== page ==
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Macro Research for Development: An IMF-DFID Collaboration

Topic 3: Macroeconomic Management of Natural Resources

Last Updated: November 12, 2014

Major new natural resource discoveries have occurred in LICs. Unfortunately, most resource windfalls have historically failed to translate into economic development. Sound resource management is thus critical.

For years, policy advice—particularly at the IMF—has advocated saving resource windfalls externally in a sovereign wealth fund (SWF). However, LICs face credit constraints, which may mean that they have good, unexploited investment opportunities at home, e.g. in infrastructure and energy. Thus, policymakers need to consider not just how much to save, but where to save: abroad in financial assets or at home in public capital. Making this decision involves trading off the rate of return to these investments, absorptive capacity constraints, the possibility of Dutch disease, and the risk that export price collapses may create damaging volatility and even future debt crises.

To assist country authorities in LICs to manage natural resource revenues, the team developed a model-based "sustainable investing" tool, which allows policymakers to consider the macroeconomic and fiscal implications of different investment and saving strategies. A related research question on managing natural resource revenues concerns the appropriate current account balance in response to natural resource booms. The team is also in the process of developing another model for assessing current account norms in resource-rich LICs.

Both the sustainable investment tool and the current account model are among the five "key innovations" in a recently published IMF board paper on Macroeconomic Policy Frameworks for Resource-Rich Developing Countries. The paper recognizes that the distinct characteristics of LICs' natural resource exporters—scarcity of domestic capital and limited access to international capital markets—require distinctive policies and proposes new macro-fiscal frameworks and policy analysis tools that could enhance IMF policy advice.

Effects of Investing Natural Resource Revenues under Different Fiscal Approaches

Under baseline (with a less volatile resource revenue path), spend-as-you-go could build up higher public capital in the short run, resulting in more growth in non-resource GDP.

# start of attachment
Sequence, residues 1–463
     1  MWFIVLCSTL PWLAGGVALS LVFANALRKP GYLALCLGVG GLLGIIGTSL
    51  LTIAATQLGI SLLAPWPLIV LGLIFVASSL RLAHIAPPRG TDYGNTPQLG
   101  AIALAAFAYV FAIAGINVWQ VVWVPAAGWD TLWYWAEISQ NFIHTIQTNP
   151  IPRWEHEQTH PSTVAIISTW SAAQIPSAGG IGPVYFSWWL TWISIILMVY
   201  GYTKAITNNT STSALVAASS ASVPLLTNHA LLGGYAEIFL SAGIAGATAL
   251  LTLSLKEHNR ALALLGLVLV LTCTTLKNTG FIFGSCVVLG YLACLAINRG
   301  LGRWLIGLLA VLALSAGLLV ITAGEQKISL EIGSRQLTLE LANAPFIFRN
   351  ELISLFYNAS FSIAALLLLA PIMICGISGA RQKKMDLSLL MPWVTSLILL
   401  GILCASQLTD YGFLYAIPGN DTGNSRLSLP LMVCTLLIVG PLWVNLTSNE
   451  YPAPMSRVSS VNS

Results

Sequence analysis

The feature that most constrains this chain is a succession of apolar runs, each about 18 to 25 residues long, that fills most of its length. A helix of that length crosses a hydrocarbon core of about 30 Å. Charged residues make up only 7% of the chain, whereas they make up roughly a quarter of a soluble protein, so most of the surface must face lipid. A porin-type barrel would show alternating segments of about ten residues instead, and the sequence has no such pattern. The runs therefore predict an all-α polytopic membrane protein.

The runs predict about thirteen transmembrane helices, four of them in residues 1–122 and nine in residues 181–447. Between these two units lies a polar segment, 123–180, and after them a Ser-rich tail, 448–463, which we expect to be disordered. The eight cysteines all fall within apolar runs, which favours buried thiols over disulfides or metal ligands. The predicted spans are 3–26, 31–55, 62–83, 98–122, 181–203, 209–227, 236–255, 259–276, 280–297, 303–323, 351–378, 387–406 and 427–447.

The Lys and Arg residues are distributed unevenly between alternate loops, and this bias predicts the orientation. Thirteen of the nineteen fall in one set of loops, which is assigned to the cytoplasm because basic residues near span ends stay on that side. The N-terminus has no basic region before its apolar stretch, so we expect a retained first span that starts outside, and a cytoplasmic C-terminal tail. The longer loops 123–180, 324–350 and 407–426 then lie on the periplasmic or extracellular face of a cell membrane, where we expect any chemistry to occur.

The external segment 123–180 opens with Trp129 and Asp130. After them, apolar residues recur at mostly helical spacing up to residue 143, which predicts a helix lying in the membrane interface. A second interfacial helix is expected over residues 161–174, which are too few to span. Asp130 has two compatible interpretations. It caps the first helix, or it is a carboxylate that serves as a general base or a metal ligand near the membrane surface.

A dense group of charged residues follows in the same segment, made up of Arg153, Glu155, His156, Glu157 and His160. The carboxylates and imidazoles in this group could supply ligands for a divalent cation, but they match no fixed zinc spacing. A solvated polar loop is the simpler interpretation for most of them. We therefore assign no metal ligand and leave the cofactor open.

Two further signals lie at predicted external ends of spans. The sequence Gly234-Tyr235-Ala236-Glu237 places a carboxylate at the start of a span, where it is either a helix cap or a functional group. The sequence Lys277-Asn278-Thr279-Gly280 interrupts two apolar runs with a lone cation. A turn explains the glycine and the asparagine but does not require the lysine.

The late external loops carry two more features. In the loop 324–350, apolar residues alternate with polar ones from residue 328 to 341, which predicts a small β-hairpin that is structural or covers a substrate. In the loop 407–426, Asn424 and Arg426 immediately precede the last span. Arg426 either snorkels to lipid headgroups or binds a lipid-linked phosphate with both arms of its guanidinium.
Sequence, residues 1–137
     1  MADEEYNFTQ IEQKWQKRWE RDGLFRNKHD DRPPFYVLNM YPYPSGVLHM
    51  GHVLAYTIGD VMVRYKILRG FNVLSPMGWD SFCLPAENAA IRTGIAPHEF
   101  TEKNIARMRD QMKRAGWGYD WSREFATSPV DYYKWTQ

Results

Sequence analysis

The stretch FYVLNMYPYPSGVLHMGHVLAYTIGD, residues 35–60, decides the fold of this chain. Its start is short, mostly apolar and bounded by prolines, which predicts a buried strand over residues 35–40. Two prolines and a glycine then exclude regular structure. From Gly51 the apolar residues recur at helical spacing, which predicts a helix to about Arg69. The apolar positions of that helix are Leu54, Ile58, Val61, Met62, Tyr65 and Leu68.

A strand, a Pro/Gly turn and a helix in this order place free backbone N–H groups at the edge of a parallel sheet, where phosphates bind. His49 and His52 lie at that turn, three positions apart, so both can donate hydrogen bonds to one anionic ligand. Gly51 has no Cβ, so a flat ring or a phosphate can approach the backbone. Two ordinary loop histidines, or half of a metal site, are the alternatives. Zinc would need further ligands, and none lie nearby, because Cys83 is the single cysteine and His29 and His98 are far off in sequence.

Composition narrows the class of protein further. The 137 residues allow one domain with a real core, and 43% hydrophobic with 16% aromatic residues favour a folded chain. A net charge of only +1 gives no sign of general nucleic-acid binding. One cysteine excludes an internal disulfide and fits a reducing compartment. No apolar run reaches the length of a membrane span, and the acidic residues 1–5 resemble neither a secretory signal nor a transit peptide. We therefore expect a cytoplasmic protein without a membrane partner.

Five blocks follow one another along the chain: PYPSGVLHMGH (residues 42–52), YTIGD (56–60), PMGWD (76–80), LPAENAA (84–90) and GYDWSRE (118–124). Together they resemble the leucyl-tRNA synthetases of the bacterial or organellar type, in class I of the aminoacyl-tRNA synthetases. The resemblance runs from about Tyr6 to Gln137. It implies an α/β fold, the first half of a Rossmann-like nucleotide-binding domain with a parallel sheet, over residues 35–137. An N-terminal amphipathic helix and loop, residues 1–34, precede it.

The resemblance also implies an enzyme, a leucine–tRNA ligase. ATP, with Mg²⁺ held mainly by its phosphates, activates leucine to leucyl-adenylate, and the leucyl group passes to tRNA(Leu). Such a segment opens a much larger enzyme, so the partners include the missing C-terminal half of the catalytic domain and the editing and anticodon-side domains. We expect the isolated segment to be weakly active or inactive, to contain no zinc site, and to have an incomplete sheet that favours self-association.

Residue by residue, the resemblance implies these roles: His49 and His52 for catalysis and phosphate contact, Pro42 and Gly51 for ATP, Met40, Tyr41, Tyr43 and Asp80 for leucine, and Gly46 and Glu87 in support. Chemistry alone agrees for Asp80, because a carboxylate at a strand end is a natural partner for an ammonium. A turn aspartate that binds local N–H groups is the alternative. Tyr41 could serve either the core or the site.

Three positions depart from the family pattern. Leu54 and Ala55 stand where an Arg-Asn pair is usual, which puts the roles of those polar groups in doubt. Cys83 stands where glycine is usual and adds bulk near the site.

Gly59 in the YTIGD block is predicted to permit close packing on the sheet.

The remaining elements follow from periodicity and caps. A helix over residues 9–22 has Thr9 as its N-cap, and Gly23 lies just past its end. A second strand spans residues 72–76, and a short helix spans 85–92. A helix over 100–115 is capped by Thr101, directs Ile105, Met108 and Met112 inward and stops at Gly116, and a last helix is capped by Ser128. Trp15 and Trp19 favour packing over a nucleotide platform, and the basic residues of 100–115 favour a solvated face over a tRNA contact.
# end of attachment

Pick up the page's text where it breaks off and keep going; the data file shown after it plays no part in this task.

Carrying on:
When large negative resource shocks occur (adverse scenario), gradual scaling-up, however, can support investment and maintain capital by a fiscal buffer built with a windfall. The economy following gradual scaling-up is likely to perform better in growth and stability than with spend-as-you-go in the longer runs.

A Model-Based Policy Framework for Resource-Rich Low-Income Countries

Fund staff have developed model-based frameworks to assess the macroeconomic implications of investment surges, including on debt sustainability, in natural resource-rich developing countries. The frameworks are dynamic stochastic small open economy models that make explicit the role of pervasive features in these countries including public investment inefficiency, absorptive capacity constraints, Dutch disease, and financing needs to sustain capital. (See box 1 for a summary of key features of the tool.) The models—named as the sustainable investing tool and the DIGNAR model—developed, respectively, in Berg et al. (2013) and Melina et al. (2014)—have been applied to several countries in Article IV consultations and TA missions (see table below). The applications showed that a more gradual scaling-up approach could pose smaller risks for debt sustainability, especially in those countries that could use resource discoveries as collateral to borrow—e.g., Mozambique—but where resource revenues might not end being as high as projected. This underscored the role of the volatility of resource prices, the uncertainty of resource output, and the exhaustibility of resource reserves in strategies to avoid excessive and unsustainable borrowing. Furthermore, the applications showed that a sustainable investing approach that combined a gradual investment scaling-up with a resource fund—a fiscal buffer mechanism that saves additional resource revenues in boom times and can be drawn down to support investment spending during low resource revenues—could help protect the economy from boom-bust cycles and therefore support macroeconomic stability—e.g., see box 2 for a summary of the Angola application.